Wetlands in Ireland

Wetlands are lands covered by water, and include lakes, rivers, marshes, fens, bogs and other water bodies whether natural or artificial, permanent or temporary. The water in wetlands may be still, flowing, fresh, salty or brackish. Wetlands are found throughout the world in low-lying areas in particular, but also in some high areas. They are particularly important in some LEDCs as a source of food (rice paddies, for example, as well as sources of fish and shellfish. Wetlands perform many ecological services such as the purification of polluted waters, the break-down of organic waste, and the prevention of flooding.

Ireland is an extremely wet country, lying in the direct path of moist winds blowing over the Atlantic Ocean. Average rainfall is over 1150 mm per annum. Less than 40% of this evaporates into the atmosphere, so the remaining 700 mm accumulates on the land or runs off to the sea. About one-third of the country is covered with poorly drained soils, which contain large amounts of water. This includes the bogs (peatlands) that cover much of the Midlands and the west of Ireland.

The vegetation of wetlands is very varied and depends on physical factors as depth of water, pH and nutrient content of the water. Upland lakes and mountain streams generally are unproductive and have sparse vegetation whereas lowland lakes and rivers tend to be more productive and have more vegetation.

Succession in wetlands is also evident. There is often a zone of emergent plants by the water’s edge, characterised by common reeds, bulrushes and yellow flag. These may develop into extensive swamps, called reedbeds. Eventually, trees such as willow and alder may grow.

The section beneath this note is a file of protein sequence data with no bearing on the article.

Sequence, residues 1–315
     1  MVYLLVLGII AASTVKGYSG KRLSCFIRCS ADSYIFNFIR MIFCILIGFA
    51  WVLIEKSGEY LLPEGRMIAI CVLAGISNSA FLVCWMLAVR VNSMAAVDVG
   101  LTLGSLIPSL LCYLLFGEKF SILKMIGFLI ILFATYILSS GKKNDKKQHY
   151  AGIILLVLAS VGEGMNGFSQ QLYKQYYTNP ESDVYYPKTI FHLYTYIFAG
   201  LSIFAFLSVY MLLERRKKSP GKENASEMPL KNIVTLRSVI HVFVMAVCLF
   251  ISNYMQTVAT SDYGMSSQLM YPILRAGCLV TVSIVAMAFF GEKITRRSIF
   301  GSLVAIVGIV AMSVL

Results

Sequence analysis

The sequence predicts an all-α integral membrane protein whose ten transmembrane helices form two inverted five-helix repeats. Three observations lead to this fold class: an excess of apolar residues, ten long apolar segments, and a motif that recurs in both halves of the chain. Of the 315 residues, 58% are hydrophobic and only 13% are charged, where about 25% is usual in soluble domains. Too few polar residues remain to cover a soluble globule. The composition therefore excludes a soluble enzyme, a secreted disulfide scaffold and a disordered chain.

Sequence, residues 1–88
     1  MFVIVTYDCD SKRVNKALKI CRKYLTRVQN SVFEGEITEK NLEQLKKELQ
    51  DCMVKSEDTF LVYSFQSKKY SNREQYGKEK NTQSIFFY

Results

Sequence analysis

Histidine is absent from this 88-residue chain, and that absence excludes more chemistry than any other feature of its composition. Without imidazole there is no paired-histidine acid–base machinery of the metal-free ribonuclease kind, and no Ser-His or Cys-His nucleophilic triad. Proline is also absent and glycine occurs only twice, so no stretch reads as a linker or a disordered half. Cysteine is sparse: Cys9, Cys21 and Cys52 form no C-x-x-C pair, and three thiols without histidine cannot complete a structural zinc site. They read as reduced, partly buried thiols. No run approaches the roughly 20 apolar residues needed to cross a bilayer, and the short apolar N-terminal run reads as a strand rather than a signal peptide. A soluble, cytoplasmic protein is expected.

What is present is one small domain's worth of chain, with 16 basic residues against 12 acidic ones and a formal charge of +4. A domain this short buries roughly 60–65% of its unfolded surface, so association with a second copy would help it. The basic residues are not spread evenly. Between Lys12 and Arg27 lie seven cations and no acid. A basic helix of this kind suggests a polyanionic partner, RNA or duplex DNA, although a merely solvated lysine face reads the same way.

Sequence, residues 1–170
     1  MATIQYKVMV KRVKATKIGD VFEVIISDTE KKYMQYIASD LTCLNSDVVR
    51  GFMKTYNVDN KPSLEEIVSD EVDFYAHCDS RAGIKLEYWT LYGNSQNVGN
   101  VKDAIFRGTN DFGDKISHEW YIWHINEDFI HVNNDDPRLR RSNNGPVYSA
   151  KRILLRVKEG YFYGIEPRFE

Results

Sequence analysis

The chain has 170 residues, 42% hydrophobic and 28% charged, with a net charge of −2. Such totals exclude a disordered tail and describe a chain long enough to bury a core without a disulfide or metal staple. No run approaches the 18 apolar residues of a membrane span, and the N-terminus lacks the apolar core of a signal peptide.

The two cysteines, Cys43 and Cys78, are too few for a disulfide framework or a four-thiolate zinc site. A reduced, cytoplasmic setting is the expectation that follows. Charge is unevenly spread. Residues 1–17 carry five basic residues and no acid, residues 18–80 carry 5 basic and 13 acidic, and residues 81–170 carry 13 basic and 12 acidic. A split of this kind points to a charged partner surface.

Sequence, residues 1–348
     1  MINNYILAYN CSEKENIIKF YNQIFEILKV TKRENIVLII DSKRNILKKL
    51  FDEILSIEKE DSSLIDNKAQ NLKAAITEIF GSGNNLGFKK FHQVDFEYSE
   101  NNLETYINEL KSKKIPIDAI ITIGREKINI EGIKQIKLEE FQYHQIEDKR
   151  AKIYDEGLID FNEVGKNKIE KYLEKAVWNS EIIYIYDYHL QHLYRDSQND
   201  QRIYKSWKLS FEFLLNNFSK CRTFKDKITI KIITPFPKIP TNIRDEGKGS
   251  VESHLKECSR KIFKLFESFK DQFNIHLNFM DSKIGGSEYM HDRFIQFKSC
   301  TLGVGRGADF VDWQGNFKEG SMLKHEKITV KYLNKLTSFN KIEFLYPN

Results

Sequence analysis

Turloughs are seasonal streams found in limestone areas. They are normally full of water in winter but dry in summer. Raised bogs develop where the vegetation loses contact with the groundwater, and bog mosses develop. Typical plants include bog cotton and sundew. In mountain areas extensive blanket bogs develop.

All wetlands have a valuable role in the environment but certain types need protection, such as bogs, fens, and turloughs. Wetlands are a valuable source of water supply. For example, the River Liffey is dammed at Poulaphuca and provides a large amount of water for Dublin (and for the Guinness brewery!). It also provides some hydro-electric power (HEP). Electricity is also generated by burning peat (or turf) from widespread bogs throughout Ireland, although this practice has been restricted due to the Paris  Agreement on climate change (2015).

Many wetlands are under threat due to eutrophication. Other wetlands are at risk due to drainage. Many of the major river catchments of Ireland were drained in the 1970s to make way for agricultural land. Pollution is also increasing due to agricultural run-off. Acidification is a problem in some mountainous areas. Dumping of refuse is a problem related to the expansion of urban areas. Coastal reclamation for agriculture and port expansions are reducing the size of estuarine wetlands. More than 90% of the Midlands raised bogs have been exploited for turf production.

Thus, wetlands in Ireland provide many important ecological services, although they have been severely reduced in size and quality although there is increasing awareness about their benefits and importance.

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